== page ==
superstition, thus checked for the moment, again broke out not only in Judea,
the first source of the evil, but even in Rome, where all things hideous
and shameful from every part of the world find their center and become popular.
Accordingly, an arrest was first made of all who pleaded guilty; then upon
their information, an immense multitude was convicted, not so much of the
crime of firing the city, as of hatred against mankind. Mockery of every
sort was added to their deaths, Covered with the skins of beasts, they were
torn by dogs and perished, or were nailed to crosses, or were doomed to
the flames and burnt, to serve as a nightly illumination, when daylight
had expired. Nero offered his gardens for the spectacle, and was exhibiting
a show in the circus, while he mingled with the people in the dress of charioteer
or stood aloft on a car. Hence, even for criminals who deserved extreme
and exemplary punishment, there arose a feeling of compassion; for it was
not, as it seemed, for the public good, but to glut one man's cruelty, that
they were being destroyed."
It is believed by some scholars that Tactius gained his information
about Christ from official records, perhaps actual reports written by Pilate.
Tactius also wrote about the burning of the Jerusalem temple by the Romans
in 70 A.D. The Christians are mentioned as a group that were connected with
"All we can gather from this reference is that Tactius
was also aware of the existence of Christians other than in the context
of their presence in Rome," states Habermas.
Gaius Suetonius Tranquillas,
chief secretary of Emperor Hadrian, wrote, "Because the Jews at Rome
caused continuous disturbances at the instigation of Chrestus, he expelled
them from the City." Chrestus is a variant spelling of Christ. Suetonius
refers to a wave of riots that broke out in a large Jewish community in
Rome during the year 49 A.D. As a result, the Jews were banished from the
Jewish historian Flavius Josephus, a member of a priestly
family and who became a Pharisee at the age of 19, became the court historian
for Emperor Vespasian. In the Antiquities, he wrote about many persons and
events of first century Palestine. He makes two references to Jesus. The
first reference is believed associated with the Apostle James. "...he
brother of Jesus, who was called Christ." He also wrote, "At this
time there was a wise man who was
called Jesus. And his conduct was good and (he) was known to be virtuous.
And many people from among the Jews and other nations became his disciples.
Pilate condemned him to be crucified and to die. And those who had become
his disciples did not abandon his discipleship. They reported that he had
appeared to them three days after his crucifixion and that he was alive,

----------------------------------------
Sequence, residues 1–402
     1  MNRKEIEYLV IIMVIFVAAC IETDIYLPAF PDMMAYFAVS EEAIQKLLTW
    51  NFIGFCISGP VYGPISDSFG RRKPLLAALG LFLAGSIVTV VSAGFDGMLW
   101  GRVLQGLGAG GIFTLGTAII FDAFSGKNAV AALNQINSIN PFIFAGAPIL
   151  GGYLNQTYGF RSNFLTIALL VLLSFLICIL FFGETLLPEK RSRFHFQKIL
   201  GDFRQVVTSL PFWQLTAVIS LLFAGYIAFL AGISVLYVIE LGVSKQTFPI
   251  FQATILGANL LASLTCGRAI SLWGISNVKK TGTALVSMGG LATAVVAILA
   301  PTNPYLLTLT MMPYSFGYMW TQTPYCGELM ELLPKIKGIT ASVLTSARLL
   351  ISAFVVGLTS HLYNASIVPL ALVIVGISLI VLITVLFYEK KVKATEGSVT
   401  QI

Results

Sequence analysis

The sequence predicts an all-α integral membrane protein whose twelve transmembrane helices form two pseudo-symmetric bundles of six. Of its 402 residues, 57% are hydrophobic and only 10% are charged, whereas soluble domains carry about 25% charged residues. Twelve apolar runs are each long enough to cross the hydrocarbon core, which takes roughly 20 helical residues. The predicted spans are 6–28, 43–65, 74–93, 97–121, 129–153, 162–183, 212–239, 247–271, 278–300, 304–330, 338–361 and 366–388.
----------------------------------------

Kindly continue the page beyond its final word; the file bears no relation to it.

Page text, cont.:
accordingly, he was perhaps the messiah concerning whom the prophets have
recounted wonders." These historical writings predated the Old Testament.
Josephus died in 97 A.D.
Before Tacitus, Suetonius or Josephus, Thallus wrote about
the crucifixion of Jesus. His writing date to circa 52 A.D. and the passage
on Jesus was contained in Thallus' work on the Eastern Mediterranean world
from the Trojan War to 52 A.D. Thallus noted that darkness fell on the land
at the time of the crucifixion. He wrote that such a phenomenon was caused
by an eclipse. Though Christ was not proclaimed a deity until the fourth
century, Pliny the Younger, a Roman author and administrator who served
as the governor of Bithynia in Asia Minor, wrote in 112 A.D., two hundred
years before the "deity" proclamation, that Christians in Bithynia
Two references have been made to a report by Pontius Pilate.
The references include Justin Martyr (150 A..D.) and Tetullian (200 A.D.).
Both references correspond with the fact that there was an official document
in Rome from Pilate. The Pilate report detailed the crucifixion but also
reported acts of miracles. Emperor Tiberius acted on Pilate's report, according
to Tertullian, to the Roman Senate. "Tiberius accordingly, in whose
days the Christian name made its entry into the world, having himself received
intelligence from Palestine of events which had clearly shown the truth
of Christ's divinity, brought the matter before the senate, with his own
decision in favor of Christ. The senate, because it had not given the approval
itself, rejected his proposal. Caesar held to his opinion, threatening wrath
against all accusers of the Christians."
RECORDED IN THE TALMUD
The Talmud, which consists of Jewish traditions handed down
orally from generation to generation, was organized by Rabbi Akiba before
his death in 135 A.D. The writings in the Talmud embrace the legal, ritual
and exegetical commentaries that have developed right down to contemporary
times. In Sanhedrin 43a, reference to Jesus is found. "On the eve of
the Passover, Yeshu was hanged. For forty days before the execution took
place, a herald went forth and cried, 'He is going forth to be stoned because
he has practiced sorcery and enticed Israel to apostasy. Any one who can
say anything in his favor, let him come forward and plead on his behalf.
But since nothing was brought forward in his favor, he was hanged on the
eve of the Passover."If Jesus had been stoned, his death would have
been at the hands of the Jews. The fact he was crucified shows that the
Romans intervened. TheTalmud also speaks of five of Jesus' disciples and
recounts their standing before judges who made individual decisions about
each one, deciding that they should be executed. No deaths are recorded.
Other Talmud references to Jesus indicated that Jesus was
"treated differently from others who led the people astray, for he
was connected with royalty." These Talmud accounts were written long
before the New Testament was assembled. They provide clear evidence that
Jesus did live. The Talmud does not embrace Christ as a deity and would
have no reason to sanction his existence. The Talmud also states that Jesus
was 33 or 34 years old when he died. The risen Christ is the foundation
of Christianity. But Christ would have to have lived and died before His
resurrection could become an historical factor.
Toledoth Jesu is also part of Jewish writing, as well. The
disputed text states that the disciples of Jesus had planned to steal the
fallen body of Christ. However, a gardener named Juda discovered their plansand
dug a new grave in his garden. Then he removed Jesus' body from Joseph's
tomb and placed it in his own newly dug grave. The disciples came to the
original tomb, found Jesus' body gone and proclaimed him risen. The Jewish
leaders also proceeded to Joseph's tomb and found it empty. Juda then took